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What Exactly is a Ration Balancer?

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  • What Exactly is a Ration Balancer?

    Could someone explain this to me? Is it to be used in ADDITION to a feed? I have an OTTB that is hard to keep weight on. He is on a 6% fat, low starch feed. I bought some Buckeye GroNWin for in ADDITION to this feed. He has free choice hay at all times.

    So, what exaclty is a Ration Balancer? Thank you SO MUCH!

  • #2
    A ration balancer is a feed ration, usually marketed by a commercial grain company, that gets a typical horse's full requirement of vitamins, minerals, and other basic nutrients into a very small calorie and poundage package. Whereas it might take 6 or more pounds of a so-called "complete feed" to get a horse the sufficient daily nutrients, the ration balancer gets the job done with just 1.0 to 2.5 pounds of feed. Almost every major equine grain company makes a ration balancer, or sometimes two or three that have different protein levels and/or are formulated to match the rest of the horse's diet (most commonly, they have a separate ration balancer for grass-hay-based diets and diets that include large proportions of alfalfa hay).

    Many horse owners who switch from a traditional grain ration to ration balancers find their horses do better on the ration balancer because the correct nutritional balance means that the horse utilizes its existing food better. Horses that require more energy might get some oats, flax, or oil as a supplement to the ration balancer, but many non-hard-keepers and horses in light work get along fine with just the ration balancer and free choice hay. EqTrainer on these forums is a local Horse Care forum celebrity for feeding her entire barn of sporthorses, including many TB's, a diet based around a ration balancer.

    As you can infer from the description above, it is not usually a good idea to mix a ration balancer with another kind of grain (other than a raw product like oats, flax, etc.) because it can so easily throw off the nutrient balance and usually creates redundancy between the two feeds. If you bought the Gro n' Win because you were concerned that the horse's nutritional needs were not being met on the 6% grain, it would make more economic and scientific sense to either switch entirely to Gro n' Win OR get rid of the Gro n' Win and add a cheaper vit/min supplement to your feed. Even if your horse's current grain is totally unfortified, you can usually add a powder supplement to their feed for about 40 to 80 cents per day that will balance it out. I did this at my last barn, where my horse wasn't eating enough of the complete feed to get all the nutrients he needed. I gave him a half dose of Equi-VM, a powdered vit/min supp, to make up the difference, and that only cost me around 20 cents daily.

    Ration balancers are typically quite expensive per bag, so they're not a financially efficient way to supplement nutrients. For example, let's say that a 50-pound bag of ration balancer costs you a seemingly exhorbitant rate of $45, but if you're only needing to feed 1.5 pounds per day to sustain your horse, then you're paying only $1.35 for your horse's daily grain ration. By contrast, let's say you can get a 50-pound bag of regular grain for $16 and your horse needs to eat 5 pounds of it every day. In that case, you're paying $1.60 daily, making the ration balancer plan $91 cheaper per year.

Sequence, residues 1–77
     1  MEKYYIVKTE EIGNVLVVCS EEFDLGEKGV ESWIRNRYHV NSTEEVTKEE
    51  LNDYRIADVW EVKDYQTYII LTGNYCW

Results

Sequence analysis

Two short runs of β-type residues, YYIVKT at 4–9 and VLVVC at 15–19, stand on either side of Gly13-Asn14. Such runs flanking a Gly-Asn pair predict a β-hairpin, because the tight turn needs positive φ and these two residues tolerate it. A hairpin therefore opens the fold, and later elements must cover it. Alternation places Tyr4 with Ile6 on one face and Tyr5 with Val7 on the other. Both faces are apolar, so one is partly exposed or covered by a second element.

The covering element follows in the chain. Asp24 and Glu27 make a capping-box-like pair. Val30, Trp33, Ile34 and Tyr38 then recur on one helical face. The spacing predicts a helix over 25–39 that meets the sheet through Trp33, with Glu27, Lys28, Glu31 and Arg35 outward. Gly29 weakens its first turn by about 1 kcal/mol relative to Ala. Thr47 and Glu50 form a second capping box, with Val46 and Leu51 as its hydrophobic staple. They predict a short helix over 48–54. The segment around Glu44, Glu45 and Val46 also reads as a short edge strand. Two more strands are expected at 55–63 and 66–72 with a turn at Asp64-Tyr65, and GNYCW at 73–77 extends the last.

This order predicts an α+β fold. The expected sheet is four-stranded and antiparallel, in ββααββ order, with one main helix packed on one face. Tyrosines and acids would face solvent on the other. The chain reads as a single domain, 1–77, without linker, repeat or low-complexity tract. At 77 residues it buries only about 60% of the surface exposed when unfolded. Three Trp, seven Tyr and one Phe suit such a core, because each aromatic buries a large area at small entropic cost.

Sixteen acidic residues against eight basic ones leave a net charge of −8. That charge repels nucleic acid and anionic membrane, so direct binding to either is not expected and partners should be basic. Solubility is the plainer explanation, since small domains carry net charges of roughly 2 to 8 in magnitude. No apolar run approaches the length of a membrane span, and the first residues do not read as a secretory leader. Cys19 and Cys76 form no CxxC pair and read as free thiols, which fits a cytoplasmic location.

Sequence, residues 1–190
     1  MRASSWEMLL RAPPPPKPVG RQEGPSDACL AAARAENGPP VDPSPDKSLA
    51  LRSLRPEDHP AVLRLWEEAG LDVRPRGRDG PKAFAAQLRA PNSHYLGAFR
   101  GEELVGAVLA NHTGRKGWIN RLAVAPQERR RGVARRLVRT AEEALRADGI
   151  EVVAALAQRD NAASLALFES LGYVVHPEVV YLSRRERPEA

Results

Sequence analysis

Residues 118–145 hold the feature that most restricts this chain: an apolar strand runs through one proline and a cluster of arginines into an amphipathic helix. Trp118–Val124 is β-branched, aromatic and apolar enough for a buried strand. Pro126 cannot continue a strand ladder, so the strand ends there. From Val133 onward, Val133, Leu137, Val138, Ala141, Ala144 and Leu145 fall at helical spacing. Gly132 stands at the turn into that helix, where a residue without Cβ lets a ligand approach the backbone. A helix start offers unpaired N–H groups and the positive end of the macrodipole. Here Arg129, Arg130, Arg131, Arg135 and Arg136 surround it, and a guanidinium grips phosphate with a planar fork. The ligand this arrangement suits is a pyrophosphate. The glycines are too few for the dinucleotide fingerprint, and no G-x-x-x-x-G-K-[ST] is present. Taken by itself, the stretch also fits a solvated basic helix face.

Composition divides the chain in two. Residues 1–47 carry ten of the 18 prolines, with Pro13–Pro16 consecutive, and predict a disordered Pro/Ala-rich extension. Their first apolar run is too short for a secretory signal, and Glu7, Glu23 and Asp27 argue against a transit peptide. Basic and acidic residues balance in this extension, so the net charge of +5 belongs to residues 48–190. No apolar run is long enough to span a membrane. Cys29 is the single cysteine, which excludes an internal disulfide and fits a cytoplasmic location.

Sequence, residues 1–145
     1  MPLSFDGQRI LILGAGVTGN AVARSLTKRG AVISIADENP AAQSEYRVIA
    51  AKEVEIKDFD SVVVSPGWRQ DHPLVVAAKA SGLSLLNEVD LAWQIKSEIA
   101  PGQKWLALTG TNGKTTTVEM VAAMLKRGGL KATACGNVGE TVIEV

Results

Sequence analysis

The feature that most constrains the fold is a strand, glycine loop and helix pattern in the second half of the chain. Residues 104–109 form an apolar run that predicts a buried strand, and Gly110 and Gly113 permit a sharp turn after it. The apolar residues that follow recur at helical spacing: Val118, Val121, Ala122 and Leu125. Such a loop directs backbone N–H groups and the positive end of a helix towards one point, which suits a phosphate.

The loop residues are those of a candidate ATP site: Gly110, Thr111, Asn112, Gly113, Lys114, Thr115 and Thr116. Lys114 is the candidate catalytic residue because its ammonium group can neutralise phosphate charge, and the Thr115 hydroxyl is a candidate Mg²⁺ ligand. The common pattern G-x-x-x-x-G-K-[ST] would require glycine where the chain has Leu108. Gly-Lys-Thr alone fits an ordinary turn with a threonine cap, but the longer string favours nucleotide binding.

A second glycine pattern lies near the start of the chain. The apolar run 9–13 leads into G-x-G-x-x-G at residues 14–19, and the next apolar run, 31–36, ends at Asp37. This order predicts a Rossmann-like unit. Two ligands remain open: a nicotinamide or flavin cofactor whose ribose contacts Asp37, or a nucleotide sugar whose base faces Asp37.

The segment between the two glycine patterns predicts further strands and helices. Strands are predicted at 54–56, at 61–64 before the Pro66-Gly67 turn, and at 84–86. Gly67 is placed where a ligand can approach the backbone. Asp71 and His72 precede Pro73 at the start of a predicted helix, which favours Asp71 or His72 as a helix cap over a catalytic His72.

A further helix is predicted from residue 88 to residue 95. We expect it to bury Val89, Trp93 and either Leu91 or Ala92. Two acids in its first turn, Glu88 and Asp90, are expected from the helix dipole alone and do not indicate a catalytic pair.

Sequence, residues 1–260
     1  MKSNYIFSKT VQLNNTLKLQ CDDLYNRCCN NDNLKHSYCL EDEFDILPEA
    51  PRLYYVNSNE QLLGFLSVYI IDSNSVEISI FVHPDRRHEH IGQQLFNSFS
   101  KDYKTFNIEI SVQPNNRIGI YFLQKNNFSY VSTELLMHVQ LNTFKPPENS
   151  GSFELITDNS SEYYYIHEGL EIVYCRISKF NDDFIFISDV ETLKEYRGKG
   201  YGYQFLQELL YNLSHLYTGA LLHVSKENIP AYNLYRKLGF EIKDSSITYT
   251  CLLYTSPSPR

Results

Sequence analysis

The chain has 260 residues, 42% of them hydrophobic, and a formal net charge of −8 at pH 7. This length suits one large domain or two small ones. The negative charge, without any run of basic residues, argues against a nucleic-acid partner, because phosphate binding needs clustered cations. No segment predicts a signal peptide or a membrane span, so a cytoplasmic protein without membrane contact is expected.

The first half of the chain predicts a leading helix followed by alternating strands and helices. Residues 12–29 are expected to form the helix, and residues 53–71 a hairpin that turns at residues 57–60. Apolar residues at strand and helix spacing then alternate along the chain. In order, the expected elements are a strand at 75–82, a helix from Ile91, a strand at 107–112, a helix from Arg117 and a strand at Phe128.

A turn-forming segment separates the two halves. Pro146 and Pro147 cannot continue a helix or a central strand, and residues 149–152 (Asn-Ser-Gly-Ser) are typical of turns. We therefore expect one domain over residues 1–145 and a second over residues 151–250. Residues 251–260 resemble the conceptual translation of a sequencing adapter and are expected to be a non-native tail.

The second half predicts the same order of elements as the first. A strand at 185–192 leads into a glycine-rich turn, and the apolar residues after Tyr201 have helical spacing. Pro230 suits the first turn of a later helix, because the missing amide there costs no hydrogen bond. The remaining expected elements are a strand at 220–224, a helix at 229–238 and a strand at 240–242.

For the record, my horse is not on a ration balancer. I am in a boarding situation where he's eating a complete feed (which I get for free as part of my monthly boarding fee) and he does not get free choice hay, so a ration balancer would be practical or economical for us. If I had my own farm or my horse was on free-choice hay, you bet I'd try a RB.
    Last edited by jn4jenny; Mar. 11, 2009, 08:18 PM.
    Head Geek at The Saddle Geek Blog http://www.thesaddlegeek.com/


    • #3
      There are also some that are even more concentrated and designed for forage only diets. Like Purina's Nature's Essentials. (though I still have to add additional Selenium due to our location) One 2 oz scoop per day.

      If your horse is a hard keeper, I'd be upping the fat % in his feed to get some additional calories into him.
      A good horseman doesn't have to tell anyone...the horse already knows.

      Might be a reason, never an excuse...


      • #4
        jn4jenny said it all. Big fan of ration balancers here. Not saying they're the only way, but if you're looking for simple, low-volume ways to meet a horse's needs I think they're ideal. You can add a fat source to them to really boost calories--I like oil although it's been AGES since I've had a horse that needed extra fat.
        Click here before you buy.


        • Original Poster

          WOW - thanks so much for the explanation - you are GREAT! I am beginning to think that the GroNWin was a mistake! I guess I was under the impression that it was a "supplement". This bag was about $35 and it is not cost effective for me at all. I think I will go with the powered vit/min. Thanks, again!


          • Original Poster

            Can you feed a Ration Balancer in between feeding grain? As an example - says I give 3 lbs of grain in the morning, 1lb of ration balance in the aft and then grain at night....would this work?


            • #7
              Originally posted by gooselover View Post
              WOW - thanks so much for the explanation - you are GREAT! I am beginning to think that the GroNWin was a mistake! I guess I was under the impression that it was a "supplement". This bag was about $35 and it is not cost effective for me at all. I think I will go with the powered vit/min. Thanks, again!
              I feed my OTTB one pound of 30% ration balancer on top of his Ultium (11.7% protein, 12.4% fat) and the combination works great for him. He holds weight better and is able to build more muscle more easily without getting crazy. I would definitely give the Buckeye a try. Re-reading your first post, additional fat might be a good idea as well.